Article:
It was not always so. I was an undergraduate at a liberal arts college where listening to, understanding, and appreciating different points of view was a goal of the educated person. In graduate school, being conversant in disparate philosophies and ideologies was necessary. As an intercollegiate debater and later a top-ten debate coach, I valued looking at all sides of an issue. Academic rigor used to require intellectual diversity; now, according to the Econ Journal Watch, liberal professors outnumber conservative ones 12 to 1 in the nation’s colleges and universities. Civil discourse has essentially disappeared in favor of protest demonstrations — including looting and violence by Antifa and other radical activists — to prevent the expression of unwelcome conservative opinions.

Formerly, we could talk about the philosophical differences between conservatives and liberals, but increasingly, those differences are irrelevant. According to UCLA’s Higher Education Research Institute, college students are “increasingly disengaged from the academic experience.” As one student put it, “why are colleges trying to force this stuff down our throats and make us think when our minds and opinions are already formed?” Or as a popular T-shirt puts it, “you can lead me to college, but you can’t make me think.” We’ve all seen the hilarious television interviews where rioters have no idea why they are rioting.

Governance used to be based on the cliché that politics is the art of the possible. Civility was considered the underpinning of discourse, whether around the dinner table or in Congress. The informal “rules of engagement” required listening respectfully and being willing to “engage in principled compromise” in order to accomplish a public good.

In his book, The Peace that Almost Was, Mark Tooley documents a dramatic historical instance where compromise could not be reached. Tooley describes the last conference before the Civil War at Washington’s elegant Willard Hotel where participants tried to “craft a compromise to protect slavery and thus preserve the union and prevent war.” Tooley concludes “that no matter the shared faith, family, and friendships of the participants, ultimately no compromise could be reached.” The price of failure — the Civil War — was a tragedy of the highest order.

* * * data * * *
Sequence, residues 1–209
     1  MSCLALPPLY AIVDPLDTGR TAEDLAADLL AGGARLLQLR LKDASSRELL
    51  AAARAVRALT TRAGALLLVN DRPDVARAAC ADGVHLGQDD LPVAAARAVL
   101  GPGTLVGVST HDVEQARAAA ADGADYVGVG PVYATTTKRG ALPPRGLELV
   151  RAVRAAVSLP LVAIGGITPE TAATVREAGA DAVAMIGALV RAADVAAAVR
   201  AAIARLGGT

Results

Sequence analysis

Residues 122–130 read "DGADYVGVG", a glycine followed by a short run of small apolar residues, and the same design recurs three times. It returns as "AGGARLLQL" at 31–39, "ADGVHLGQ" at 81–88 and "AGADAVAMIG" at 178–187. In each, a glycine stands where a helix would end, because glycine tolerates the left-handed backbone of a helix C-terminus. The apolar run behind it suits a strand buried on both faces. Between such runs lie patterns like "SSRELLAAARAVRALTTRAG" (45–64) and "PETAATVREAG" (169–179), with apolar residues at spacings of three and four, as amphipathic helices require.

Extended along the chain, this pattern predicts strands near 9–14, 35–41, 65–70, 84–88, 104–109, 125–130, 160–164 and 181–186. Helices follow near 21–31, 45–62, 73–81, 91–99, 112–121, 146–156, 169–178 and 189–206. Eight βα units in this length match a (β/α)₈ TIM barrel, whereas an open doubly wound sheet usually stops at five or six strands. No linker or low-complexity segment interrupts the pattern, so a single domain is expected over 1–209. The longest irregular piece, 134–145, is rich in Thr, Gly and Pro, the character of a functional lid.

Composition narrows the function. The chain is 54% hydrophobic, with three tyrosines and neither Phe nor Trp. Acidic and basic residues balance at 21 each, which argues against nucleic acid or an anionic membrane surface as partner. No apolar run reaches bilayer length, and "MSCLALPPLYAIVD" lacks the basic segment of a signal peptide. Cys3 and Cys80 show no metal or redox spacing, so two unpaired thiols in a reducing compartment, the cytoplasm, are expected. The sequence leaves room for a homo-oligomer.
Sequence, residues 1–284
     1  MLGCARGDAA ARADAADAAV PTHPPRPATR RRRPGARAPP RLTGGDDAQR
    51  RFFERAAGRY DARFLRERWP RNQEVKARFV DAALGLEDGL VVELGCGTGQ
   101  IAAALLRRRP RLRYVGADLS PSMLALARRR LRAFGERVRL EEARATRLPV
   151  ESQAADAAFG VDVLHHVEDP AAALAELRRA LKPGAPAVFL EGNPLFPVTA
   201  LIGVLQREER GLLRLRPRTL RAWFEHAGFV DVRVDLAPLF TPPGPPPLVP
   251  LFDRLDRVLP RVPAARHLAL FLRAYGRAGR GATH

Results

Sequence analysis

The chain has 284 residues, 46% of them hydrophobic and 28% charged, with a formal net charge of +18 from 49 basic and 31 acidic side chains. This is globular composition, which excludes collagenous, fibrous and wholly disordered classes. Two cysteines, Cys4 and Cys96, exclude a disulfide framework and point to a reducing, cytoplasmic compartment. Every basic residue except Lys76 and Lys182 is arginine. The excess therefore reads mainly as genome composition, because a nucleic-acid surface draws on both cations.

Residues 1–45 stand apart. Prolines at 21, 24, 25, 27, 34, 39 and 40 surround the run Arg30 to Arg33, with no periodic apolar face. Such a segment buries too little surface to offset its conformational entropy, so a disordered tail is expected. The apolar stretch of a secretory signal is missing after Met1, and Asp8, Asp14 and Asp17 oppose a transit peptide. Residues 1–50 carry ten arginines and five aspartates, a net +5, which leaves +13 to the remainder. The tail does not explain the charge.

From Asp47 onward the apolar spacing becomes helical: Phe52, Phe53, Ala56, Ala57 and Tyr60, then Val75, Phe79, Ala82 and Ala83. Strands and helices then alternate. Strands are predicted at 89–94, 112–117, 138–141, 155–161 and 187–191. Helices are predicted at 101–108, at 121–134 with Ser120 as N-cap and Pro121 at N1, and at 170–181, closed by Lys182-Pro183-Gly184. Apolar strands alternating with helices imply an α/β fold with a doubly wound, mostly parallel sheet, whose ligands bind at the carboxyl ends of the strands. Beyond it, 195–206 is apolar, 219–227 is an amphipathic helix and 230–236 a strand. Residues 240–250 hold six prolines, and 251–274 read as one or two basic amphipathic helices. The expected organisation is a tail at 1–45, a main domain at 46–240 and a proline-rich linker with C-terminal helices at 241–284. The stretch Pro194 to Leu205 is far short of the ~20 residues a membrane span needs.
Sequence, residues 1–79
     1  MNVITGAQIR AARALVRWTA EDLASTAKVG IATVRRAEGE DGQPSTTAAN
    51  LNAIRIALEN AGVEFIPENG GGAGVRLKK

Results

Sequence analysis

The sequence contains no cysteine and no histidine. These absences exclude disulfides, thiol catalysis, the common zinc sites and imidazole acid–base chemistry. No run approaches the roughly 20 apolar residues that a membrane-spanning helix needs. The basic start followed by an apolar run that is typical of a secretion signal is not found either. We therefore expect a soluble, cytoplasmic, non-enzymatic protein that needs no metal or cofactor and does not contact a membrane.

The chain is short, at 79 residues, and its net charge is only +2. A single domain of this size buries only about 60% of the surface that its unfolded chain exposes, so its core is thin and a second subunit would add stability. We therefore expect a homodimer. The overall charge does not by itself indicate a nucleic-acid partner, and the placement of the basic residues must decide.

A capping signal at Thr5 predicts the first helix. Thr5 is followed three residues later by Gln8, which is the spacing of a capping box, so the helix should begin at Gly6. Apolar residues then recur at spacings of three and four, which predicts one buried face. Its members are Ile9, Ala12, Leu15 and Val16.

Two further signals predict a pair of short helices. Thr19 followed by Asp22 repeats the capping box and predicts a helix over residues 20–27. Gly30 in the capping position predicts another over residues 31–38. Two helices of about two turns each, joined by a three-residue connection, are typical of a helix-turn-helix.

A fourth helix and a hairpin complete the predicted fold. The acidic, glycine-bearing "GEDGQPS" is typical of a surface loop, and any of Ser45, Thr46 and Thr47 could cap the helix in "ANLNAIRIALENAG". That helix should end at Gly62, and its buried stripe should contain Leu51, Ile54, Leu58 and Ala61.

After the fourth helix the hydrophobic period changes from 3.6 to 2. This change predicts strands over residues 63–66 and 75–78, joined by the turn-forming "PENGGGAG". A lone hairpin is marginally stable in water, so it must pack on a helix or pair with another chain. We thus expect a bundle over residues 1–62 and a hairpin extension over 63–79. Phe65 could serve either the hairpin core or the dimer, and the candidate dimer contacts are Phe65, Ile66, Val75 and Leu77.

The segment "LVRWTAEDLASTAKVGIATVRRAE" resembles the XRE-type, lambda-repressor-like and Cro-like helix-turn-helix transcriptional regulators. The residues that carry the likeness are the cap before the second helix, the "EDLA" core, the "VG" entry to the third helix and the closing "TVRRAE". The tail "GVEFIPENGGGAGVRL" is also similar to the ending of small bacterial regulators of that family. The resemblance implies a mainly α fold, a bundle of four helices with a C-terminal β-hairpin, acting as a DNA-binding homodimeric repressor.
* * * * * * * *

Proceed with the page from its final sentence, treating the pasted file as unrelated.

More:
Today’s disagreements are not settled by holding a conference at the Willard Hotel; instead, they are battles of us against them without nuance or negotiation. They are characterized by fake news, personal destruction, special agendas, name-calling, riots, and good-versus-evil rhetoric that is the essence of “dirty politics.”

Instead of such polarisation, we need more leaders with the courage to take a different path. For instance, Foster Friess, prominent conservative philanthropist, has started a project, “Return to Civility“, that challenges Americans who strongly disagree with each other politically to “work together on projects that serve the common good.” Friess stresses the need to “endorse projects that get results” and “make life better for others.” That is the type of coalition necessary to change the trajectory of increased hostility and invective between conservatives and Liberals.

In sum, there can be no compromise until there is agreement on “principled compromise,” where there is mutual respect for both the opposition and the process of debating differences honestly and honorably. There will be no common ground until people are willing to face the true basis of their differences — factually instead of emotionally — to face the degree to which their goals boil down the gratification of being in control, having power, or having their own way. Only then will we be able to “form a more perfect union” for the ultimate goal of preserving individuals’ freedom to hold their own beliefs — even age-old opinions as well as tried and true traditions that do not conform to the latest fad. Can we recover this hallowed principle that served us well as common ground?


Originally published at American Thinker.
Photo by Cytonn Photography on Unsplash